By Chris Hickory
Roth Concept Innovations
Trends in today’s firearms market can sometimes be recognized early in competitive shooting sports. If you want the fastest and most durable add-ons for your rig, watch what the top competitors use. It costs a lot of money to attend matches, buy bullets, and keep up with equipment, so more often than not the professionals will use quality gear that runs reliably and holds up to the abuse of matches and travel. Although the XRAIL Mono tube has only been widely available for a year, you will find that most professionals shooting competitively are outfitted with a mono tube from Roth Concept Innovations that increases the shell capacity of their shotguns. The factory magazine tube found on most shotguns is typically one piece that goes from the receiver to the end of the forend. To add shell capacity, an extension must be placed on top of the factory tube. This design works, but XRAIL has a better solution that was made to win.
There are several reputable companies that make tubular magazine extensions, but there are drawbacks to these products. Adding an extension creates a feed-interruption point. Dirt can collect in the seam and even worse, the magazine spring or a shell could catch the seam created by the two-piece tube, causing a malfunction. Another common issue with magazine extensions is that they tend to unscrew themselves during normal use. There are two common fixes for this problem, some form of thread locker or a barrel band, but each has drawbacks. By using thread locker, you impede your ability to field strip for maintenance, since most aftermarket tube extensions require removal of the extension to remove the barrel and forend for cleaning. The barrel band is a viable option, but as a 3-gun competitor I found that each time I removed and reinstalled the barrel band, it would require exact torque specs and to be in the exact same location when reinstalled. If there were any deviation, I would have to re-zero the shotgun with slugs. The barrel band creates a more rigid front end but greatly effects slug DOPE (Data On Previous Engagement), similar to a scope mount.
Mark Roth of RCI created a fix for the common shotgun, increasing capacity without sacrificing reliability or accuracy, when he introduced the XRAIL XM2BE one-piece shotgun magazine. The tube comes with all the necessary items to install it; all you need is some thread-locker and a heat gun. To eliminate guess work, XRAIL has cut the magazine spring to proper length for reliable feeding and has a high-visibility follower to assist with identifying load status. Newer shooters often try to reduce the magazine spring, making it easier to load. Though this does make the act of loading shells into the tube easier, it does not allow the shell moving to the elevator to get enough “umph” to get into position quickly enough. Years ago, competitive shooters were known at times to take a 20-gauge tube spring and insert it inside of the 12-gauge spring, providing better feeding.
The install only took about 20 minutes. The XRAIL came with directions, but I found a short video on the Internet in which XRAIL-sponsored shooter Patrick Kelley demonstrated the nitty-gritty of getting your old tube off and the new one on. After one view I had it down. I disassembled the shotgun to the stock, receiver and factory tube only. I inspected the area where the tube and receiver meet to see if there were any plastic shims or pieces. In the case of my Versa Max, there was some plastic that was easily removed. Then I used a cheap heat gun to apply heat evenly to soften the factory adhesive used to mate the receiver and magazine tube. Use a little heat and try, a little more heat and try. The less heat used to get the job done, the better. Also, make sure not bend the receiver. With proper heat and patience, it’ll come off cleanly. While the receiver and magazine tube are separated, take the time to clean the threads and degrease the receiver.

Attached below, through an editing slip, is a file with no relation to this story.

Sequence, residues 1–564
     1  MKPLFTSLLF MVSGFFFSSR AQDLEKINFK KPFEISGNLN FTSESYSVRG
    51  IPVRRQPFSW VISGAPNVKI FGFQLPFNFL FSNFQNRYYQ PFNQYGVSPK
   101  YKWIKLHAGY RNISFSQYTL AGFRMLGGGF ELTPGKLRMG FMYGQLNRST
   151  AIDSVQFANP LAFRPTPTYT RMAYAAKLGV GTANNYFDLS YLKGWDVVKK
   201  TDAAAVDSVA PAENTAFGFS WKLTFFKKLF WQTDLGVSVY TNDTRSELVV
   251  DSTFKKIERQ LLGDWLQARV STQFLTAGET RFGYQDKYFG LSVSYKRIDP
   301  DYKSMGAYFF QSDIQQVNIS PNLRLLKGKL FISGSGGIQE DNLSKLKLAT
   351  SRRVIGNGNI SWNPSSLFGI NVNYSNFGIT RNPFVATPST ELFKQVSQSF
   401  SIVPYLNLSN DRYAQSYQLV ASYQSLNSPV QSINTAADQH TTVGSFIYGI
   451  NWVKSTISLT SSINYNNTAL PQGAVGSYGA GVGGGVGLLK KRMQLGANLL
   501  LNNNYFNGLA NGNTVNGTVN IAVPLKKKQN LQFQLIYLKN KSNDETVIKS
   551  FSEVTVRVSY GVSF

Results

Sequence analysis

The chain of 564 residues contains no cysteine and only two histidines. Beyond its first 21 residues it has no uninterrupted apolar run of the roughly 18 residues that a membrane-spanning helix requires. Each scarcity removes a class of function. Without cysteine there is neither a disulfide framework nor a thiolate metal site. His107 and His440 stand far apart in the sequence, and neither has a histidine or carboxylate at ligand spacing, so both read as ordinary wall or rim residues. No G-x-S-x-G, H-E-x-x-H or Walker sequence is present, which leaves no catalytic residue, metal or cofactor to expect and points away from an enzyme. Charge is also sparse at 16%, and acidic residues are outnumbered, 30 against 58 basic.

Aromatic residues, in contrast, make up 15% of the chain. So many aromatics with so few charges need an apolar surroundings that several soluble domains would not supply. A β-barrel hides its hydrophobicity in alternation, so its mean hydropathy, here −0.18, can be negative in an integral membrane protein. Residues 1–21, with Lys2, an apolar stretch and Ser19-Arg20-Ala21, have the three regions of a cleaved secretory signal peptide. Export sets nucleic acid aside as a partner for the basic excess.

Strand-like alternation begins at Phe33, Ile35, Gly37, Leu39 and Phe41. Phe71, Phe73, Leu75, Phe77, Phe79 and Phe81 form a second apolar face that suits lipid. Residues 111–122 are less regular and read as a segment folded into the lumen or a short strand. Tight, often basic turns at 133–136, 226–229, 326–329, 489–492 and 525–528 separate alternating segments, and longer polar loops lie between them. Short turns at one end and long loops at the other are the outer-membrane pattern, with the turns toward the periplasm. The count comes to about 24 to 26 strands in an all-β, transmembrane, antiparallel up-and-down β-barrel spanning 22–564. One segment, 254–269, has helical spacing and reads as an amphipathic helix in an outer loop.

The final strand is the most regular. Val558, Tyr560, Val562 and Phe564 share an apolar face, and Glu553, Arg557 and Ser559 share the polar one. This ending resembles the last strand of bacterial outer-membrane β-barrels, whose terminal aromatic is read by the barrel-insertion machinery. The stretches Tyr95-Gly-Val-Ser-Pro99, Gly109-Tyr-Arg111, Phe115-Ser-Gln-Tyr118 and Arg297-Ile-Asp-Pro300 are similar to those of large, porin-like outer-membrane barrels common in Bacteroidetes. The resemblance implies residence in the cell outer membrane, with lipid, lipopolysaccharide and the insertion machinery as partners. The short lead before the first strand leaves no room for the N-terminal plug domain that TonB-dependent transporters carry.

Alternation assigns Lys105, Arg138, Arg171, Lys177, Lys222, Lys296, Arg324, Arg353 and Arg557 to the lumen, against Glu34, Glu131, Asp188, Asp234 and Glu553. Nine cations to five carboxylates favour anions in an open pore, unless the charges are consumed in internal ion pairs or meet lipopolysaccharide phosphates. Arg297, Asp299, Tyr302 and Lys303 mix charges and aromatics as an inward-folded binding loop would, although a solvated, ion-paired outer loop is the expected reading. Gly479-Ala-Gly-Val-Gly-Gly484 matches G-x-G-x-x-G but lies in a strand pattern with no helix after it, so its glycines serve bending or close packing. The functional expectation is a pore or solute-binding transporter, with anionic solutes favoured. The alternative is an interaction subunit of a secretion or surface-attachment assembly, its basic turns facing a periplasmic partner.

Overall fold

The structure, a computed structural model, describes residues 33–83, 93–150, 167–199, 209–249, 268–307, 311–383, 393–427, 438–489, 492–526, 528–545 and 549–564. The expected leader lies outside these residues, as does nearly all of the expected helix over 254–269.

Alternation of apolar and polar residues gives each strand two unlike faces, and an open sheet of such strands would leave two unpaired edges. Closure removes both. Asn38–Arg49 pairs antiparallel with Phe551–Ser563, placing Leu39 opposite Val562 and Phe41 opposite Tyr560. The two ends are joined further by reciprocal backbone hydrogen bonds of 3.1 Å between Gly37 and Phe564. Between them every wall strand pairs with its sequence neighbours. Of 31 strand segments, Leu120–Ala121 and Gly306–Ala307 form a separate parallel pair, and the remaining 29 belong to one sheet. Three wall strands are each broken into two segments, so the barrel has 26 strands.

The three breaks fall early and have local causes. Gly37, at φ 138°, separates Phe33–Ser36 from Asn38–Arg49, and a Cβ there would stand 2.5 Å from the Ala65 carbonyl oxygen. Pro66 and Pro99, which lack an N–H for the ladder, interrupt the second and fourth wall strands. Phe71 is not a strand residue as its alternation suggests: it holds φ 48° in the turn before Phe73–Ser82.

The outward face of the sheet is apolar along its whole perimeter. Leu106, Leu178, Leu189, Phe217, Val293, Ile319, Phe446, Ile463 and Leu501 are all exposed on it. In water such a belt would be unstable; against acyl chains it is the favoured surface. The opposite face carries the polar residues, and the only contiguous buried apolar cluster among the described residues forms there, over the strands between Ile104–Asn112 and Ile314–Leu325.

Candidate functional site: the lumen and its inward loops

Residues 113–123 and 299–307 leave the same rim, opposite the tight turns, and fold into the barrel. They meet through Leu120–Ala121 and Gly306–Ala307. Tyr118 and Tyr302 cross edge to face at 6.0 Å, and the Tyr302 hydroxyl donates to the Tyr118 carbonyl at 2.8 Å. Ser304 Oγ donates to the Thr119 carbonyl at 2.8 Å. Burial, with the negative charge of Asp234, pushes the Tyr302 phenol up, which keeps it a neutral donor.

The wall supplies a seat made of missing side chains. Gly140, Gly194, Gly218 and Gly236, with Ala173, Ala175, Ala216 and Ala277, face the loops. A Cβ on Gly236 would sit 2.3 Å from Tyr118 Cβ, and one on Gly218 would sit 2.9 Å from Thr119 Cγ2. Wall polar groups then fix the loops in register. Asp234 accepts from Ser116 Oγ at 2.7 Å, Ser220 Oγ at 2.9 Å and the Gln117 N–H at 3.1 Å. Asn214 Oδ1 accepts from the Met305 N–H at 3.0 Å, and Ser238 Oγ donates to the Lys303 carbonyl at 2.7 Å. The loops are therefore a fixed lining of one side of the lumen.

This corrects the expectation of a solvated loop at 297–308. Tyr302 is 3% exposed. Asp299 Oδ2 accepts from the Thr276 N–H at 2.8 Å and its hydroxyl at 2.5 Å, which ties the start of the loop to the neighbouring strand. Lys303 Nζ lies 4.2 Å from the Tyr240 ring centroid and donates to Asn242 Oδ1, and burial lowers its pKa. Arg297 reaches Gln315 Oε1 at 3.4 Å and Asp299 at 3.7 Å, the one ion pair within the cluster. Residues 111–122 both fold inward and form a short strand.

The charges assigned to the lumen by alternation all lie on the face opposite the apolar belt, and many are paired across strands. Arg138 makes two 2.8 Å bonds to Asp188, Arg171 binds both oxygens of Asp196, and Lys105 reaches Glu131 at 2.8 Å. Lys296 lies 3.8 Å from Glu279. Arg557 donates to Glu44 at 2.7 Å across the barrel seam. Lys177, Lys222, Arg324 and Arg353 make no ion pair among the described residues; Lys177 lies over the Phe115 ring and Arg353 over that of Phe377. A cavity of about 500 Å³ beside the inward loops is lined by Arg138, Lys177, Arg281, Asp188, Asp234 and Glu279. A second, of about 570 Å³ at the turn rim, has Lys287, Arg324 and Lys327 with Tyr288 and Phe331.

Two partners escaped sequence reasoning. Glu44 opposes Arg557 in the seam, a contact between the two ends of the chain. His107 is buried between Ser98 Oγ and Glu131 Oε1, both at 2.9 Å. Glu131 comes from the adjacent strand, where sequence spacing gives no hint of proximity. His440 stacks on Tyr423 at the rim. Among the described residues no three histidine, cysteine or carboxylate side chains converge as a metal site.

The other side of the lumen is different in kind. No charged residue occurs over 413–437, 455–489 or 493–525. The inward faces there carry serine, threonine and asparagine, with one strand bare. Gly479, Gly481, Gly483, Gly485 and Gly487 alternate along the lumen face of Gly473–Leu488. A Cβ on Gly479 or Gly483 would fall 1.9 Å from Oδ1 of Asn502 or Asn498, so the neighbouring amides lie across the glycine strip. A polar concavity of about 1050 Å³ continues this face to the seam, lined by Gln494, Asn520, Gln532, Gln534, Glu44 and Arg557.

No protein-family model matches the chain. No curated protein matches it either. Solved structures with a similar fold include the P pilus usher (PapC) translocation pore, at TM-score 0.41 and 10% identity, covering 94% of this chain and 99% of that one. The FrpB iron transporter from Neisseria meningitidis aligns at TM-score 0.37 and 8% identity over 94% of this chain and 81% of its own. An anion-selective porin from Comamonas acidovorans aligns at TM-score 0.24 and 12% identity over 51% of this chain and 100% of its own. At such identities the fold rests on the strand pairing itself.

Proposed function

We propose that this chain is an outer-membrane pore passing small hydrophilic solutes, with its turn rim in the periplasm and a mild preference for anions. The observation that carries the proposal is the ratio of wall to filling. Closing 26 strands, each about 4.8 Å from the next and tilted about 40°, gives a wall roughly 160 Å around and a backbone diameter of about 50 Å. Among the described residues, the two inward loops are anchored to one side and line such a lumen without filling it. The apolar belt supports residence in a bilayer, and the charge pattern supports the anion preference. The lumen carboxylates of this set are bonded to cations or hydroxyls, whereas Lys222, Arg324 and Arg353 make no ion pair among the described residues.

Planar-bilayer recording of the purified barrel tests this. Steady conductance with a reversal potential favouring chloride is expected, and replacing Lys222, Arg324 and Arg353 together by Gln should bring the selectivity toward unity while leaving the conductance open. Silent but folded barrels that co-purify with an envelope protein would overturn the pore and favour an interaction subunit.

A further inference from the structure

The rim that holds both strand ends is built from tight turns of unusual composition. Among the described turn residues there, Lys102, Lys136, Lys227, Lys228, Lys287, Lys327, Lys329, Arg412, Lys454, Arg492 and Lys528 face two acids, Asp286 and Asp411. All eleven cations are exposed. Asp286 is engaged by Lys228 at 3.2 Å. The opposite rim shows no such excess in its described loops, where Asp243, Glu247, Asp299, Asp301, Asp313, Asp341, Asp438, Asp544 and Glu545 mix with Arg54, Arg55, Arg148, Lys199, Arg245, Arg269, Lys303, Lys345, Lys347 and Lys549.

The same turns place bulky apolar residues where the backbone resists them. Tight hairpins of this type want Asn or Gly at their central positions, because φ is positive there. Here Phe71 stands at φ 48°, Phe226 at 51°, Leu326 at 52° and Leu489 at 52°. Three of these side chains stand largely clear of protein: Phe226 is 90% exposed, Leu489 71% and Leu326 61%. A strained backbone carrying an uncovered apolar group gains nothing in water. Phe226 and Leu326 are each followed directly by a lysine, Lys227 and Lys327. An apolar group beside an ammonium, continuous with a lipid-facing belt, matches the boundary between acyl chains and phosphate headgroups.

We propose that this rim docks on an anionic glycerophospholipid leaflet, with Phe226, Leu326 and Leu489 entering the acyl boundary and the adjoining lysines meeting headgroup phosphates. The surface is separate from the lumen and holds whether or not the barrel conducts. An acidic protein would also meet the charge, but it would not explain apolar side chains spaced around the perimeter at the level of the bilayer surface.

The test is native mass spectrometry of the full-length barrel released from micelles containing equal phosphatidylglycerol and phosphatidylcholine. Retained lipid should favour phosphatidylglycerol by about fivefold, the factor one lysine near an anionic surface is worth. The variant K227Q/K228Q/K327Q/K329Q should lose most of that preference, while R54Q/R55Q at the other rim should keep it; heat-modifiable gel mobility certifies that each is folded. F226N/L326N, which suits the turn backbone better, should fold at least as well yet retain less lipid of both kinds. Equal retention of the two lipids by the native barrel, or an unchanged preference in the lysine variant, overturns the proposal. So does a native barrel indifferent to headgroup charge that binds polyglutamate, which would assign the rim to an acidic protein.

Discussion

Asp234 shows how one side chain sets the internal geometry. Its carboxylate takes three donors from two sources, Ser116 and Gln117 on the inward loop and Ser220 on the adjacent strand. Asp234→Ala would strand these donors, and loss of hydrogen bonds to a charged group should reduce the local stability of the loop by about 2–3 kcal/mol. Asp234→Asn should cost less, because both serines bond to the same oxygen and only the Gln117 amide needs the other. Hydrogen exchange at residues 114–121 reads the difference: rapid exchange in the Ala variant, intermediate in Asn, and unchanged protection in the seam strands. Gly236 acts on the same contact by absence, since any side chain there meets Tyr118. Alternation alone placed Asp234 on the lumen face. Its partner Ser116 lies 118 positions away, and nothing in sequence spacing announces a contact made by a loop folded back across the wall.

Remove the one-piece receiver from the packaging and add a small amount of red Loctite. This is considered permanent, but so was the sealant you just removed. Screw in the receiver until the tube sits flush in the loading port area. At this time, you can cut the zip tie that is retaining the magazine spring and follower. The follower and spring should snap into place with no adjusting. The forend will slide over the tube, and you install the barrel and provided barrel nut just as you normally would. Once assembly check was complete, I took 10 dummy shells and went through the entire load process, similar to a function check. Let the Loctite sit for 24 hours before you test fire.
The one-piece design creates a seamless tube that is much more rigid than other mag extensions. Though some will argue that a barrel band is required, I fired more than 5,000 shells through mine last year alone and threw my shotgun, muzzle first, in a blue barrel, with malice mind you, at least 75 times. I am a little rougher than I should be on it, but if it’s weak, I want to know. Without the required use of a barrel band, my slug hits are much more consistent and my confidence level is increased, as I know what my equipment will do when I ask it to perform rather than hope that the screws are of proper torque specs.
The XRAIL comes in ten-round versions only, with the exception of the Benelli M4, with a seven-round magazine offered, and the M2, which is offered with eight- to ten-shell tubes. There are mono tubes that fit most Benelli Shotguns, Remington Versa Max, and Mossberg 930. Mono tubes start out at an MSRP of $199.99 and can be found at http://www.xrailbyrci.com/.